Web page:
Ever-looming controversy: the fight over the “Armenian Orphan Rug”

After White House expressed concern, National Park Service elected to remove the word “genocide” from description of orphans of genocide

Written by Gabi Gage
Edited by Tom Nash, JPat Brown

In the 1920s, 400 Armenian girls spent 18 months making an elaborate woven rug by hand to show their gratitude to the United States for its efforts to ease their suffering as the survivors of the world’s first modern genocide – an event commemorated each year on April 24 by the global Armenian diaspora. The Ghazir Rug, or the Armenian Orphan Rug, ended up in President Calvin Coolidge’s White House in 1925 until the end of his term.

But as the centennial of the Armenian genocide loomed in 2014, the rug was stripped of its meaning and couched in language that denied those girls’ suffering in one of the more bizarre examples of how far the U.S. government will go to attempt to both appease Armenian Americans’ desire for acknowledgment of the genocide and avoid offending powerful military ally Turkey, which has long denied that its founding involved the massacre of at least 1.5 million Armenians.

Scholars traditionally consider April 24,1915 – the date when the Ottoman government first began the round-up and arrest of Armenian intellectuals – the start of the systematic killing of the Armenians in that region. More than 25 countries, the United Nations and historians widely acknowledge the Armenian genocide. While the US has not formally recognized it, the majority of US states have passed genocide recognition resolutions, and several former presidents have directly or indirectly addressed the issue. In 2008, then presidential candidate Barack Obama said: “The Armenian genocide is not an allegation, a personal opinion, or a point of view, but rather a widely documented fact supported by an overwhelming body of historical evidence.” On April 24, 2009 he released a statement that did not use the term.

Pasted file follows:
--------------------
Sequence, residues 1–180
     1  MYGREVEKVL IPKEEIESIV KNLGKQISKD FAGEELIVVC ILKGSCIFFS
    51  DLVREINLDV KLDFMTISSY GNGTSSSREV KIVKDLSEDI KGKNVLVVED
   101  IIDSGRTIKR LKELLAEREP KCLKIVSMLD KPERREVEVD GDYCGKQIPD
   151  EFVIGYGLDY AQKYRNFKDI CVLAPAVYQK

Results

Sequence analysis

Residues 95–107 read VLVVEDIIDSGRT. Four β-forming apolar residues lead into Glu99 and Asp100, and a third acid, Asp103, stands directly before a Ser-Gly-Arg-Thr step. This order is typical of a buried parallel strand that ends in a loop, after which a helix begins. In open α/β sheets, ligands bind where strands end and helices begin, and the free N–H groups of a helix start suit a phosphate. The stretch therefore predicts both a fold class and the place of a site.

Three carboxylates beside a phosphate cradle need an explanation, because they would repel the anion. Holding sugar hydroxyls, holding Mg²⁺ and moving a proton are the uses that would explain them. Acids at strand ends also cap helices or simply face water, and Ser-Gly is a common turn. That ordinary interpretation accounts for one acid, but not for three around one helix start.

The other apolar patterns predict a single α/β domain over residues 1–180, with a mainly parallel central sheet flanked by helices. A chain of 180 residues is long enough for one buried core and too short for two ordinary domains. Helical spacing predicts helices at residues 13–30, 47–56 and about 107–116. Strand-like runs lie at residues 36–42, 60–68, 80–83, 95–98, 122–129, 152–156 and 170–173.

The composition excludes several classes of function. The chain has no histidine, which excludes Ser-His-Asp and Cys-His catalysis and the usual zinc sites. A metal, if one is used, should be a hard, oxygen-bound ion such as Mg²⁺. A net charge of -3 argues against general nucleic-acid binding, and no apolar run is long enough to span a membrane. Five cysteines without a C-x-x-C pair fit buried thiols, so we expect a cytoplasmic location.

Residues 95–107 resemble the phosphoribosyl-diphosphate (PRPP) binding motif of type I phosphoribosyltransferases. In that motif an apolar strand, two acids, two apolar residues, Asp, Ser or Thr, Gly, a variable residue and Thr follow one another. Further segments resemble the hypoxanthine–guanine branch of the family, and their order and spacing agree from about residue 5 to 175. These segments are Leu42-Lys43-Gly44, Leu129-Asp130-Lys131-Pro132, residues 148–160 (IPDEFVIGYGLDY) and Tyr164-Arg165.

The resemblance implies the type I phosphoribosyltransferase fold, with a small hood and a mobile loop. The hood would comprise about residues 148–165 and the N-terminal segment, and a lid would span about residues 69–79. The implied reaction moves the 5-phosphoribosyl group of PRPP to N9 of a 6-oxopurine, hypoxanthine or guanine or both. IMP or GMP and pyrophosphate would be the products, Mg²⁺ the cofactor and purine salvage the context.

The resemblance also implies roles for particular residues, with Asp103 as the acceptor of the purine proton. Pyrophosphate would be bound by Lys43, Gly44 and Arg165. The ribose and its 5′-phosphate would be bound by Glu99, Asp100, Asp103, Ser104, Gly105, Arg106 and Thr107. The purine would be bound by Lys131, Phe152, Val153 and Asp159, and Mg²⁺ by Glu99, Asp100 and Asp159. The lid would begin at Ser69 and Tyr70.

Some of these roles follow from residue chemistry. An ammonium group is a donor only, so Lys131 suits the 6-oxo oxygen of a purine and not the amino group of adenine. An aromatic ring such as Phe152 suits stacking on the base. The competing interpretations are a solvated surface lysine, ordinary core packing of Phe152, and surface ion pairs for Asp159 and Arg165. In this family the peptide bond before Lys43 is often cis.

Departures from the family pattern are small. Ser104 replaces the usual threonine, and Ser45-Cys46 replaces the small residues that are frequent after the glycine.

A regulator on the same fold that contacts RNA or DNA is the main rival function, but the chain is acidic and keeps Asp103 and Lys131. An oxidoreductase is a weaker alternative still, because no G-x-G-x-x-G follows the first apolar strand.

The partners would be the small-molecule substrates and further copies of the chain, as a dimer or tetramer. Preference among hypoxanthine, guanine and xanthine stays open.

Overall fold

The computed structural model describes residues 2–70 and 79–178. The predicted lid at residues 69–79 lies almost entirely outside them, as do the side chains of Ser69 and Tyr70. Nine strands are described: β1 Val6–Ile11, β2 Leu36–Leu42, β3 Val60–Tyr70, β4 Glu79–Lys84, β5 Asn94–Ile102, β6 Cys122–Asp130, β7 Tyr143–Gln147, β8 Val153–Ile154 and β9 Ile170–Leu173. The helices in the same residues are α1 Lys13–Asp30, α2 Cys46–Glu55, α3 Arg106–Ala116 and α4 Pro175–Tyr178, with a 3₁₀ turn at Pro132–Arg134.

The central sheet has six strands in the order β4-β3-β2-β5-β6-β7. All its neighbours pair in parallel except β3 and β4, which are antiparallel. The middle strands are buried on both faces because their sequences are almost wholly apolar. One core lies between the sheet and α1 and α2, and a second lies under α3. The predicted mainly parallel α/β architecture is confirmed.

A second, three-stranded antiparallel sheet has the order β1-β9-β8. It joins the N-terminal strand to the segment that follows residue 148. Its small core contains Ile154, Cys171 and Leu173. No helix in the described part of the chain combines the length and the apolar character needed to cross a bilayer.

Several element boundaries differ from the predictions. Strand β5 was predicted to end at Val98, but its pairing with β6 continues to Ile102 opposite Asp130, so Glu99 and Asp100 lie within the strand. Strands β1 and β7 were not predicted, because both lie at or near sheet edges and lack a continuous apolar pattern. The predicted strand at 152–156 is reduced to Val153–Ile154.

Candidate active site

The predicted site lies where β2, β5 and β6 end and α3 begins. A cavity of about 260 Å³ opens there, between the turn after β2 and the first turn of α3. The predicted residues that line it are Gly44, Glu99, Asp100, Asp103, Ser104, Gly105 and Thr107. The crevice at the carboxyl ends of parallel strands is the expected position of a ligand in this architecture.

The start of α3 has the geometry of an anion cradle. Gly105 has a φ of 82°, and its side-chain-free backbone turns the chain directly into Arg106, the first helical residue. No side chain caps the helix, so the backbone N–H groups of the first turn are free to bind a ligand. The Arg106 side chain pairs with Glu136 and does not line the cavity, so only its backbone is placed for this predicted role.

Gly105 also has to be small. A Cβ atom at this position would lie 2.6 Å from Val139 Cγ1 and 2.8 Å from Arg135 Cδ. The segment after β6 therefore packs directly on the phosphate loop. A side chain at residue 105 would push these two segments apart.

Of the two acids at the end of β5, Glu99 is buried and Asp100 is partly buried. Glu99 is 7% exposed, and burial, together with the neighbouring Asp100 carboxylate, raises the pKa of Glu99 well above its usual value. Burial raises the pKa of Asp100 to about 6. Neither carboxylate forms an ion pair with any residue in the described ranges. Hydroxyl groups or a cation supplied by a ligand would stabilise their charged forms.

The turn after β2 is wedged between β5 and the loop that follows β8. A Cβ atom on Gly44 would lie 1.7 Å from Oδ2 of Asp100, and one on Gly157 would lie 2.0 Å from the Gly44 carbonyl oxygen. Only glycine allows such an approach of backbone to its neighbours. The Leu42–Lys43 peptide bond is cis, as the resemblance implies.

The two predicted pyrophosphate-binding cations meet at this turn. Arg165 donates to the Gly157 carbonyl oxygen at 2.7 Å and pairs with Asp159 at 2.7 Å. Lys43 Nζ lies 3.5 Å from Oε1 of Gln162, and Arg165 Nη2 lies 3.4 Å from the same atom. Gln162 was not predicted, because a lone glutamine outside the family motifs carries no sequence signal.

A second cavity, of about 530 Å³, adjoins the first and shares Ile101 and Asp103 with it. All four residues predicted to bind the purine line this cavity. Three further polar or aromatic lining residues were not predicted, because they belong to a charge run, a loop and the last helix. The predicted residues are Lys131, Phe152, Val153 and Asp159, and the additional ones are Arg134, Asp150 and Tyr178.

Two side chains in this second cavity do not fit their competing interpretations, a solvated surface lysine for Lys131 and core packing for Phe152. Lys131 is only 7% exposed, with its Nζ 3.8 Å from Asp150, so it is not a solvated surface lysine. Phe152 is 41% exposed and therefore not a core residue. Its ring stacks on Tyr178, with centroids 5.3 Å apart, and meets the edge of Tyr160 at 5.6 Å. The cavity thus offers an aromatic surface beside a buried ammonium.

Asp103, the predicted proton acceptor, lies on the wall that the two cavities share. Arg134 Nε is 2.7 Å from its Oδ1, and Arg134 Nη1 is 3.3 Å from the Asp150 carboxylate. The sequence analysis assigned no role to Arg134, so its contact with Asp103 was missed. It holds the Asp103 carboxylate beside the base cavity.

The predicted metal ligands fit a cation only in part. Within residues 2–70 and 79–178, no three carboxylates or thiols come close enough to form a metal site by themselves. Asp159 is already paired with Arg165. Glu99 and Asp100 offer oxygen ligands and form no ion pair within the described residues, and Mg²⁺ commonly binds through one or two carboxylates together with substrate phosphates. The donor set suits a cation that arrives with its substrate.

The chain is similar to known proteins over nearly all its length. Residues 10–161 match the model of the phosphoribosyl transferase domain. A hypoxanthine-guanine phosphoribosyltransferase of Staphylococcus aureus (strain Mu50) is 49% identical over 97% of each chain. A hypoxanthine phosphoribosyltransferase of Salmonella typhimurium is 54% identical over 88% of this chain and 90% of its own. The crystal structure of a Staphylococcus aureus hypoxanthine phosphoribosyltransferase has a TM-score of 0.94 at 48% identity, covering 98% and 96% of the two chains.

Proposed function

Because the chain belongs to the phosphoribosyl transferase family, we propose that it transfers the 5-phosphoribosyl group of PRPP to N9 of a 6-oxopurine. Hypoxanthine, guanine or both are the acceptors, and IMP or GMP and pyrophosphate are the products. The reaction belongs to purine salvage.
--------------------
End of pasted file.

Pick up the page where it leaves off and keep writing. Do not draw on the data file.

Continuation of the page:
Records requested by Tom Nash and released by the National Park Service (NPS) reveal that subject of recognition – particularly use of the word genocide in internal documents – is still a delicate one for the federal government.

The subject centers on requests in 2014 for the new White House Visitor Center to display the rug. A July 31, 2014, briefing statement by NPS regarding displaying the rug avoids the term genocide in its description of the orphans, favoring instead the vague “who had been displaced” - without mentioning who or what had displaced them.

Near East Relief - an American humanitarian organization which assisted more than 1,000 orphans and refugees fleeing the Ottoman government’s murder of Armenians beginning in 1915 - presented Coolidge the rug in 1925 where it was subsequently displayed in the White House’s Blue Room until his end of term. The rug stayed at Coolidge’s family home until it was donated back to the White House by the Coolidge family in 1982. The White House then placed the rug in storage where it remained except for two private viewings. According to the 2014 document, the White House Curator’s Office had warned of both the “historical” and “recent” controversy associated with the rug.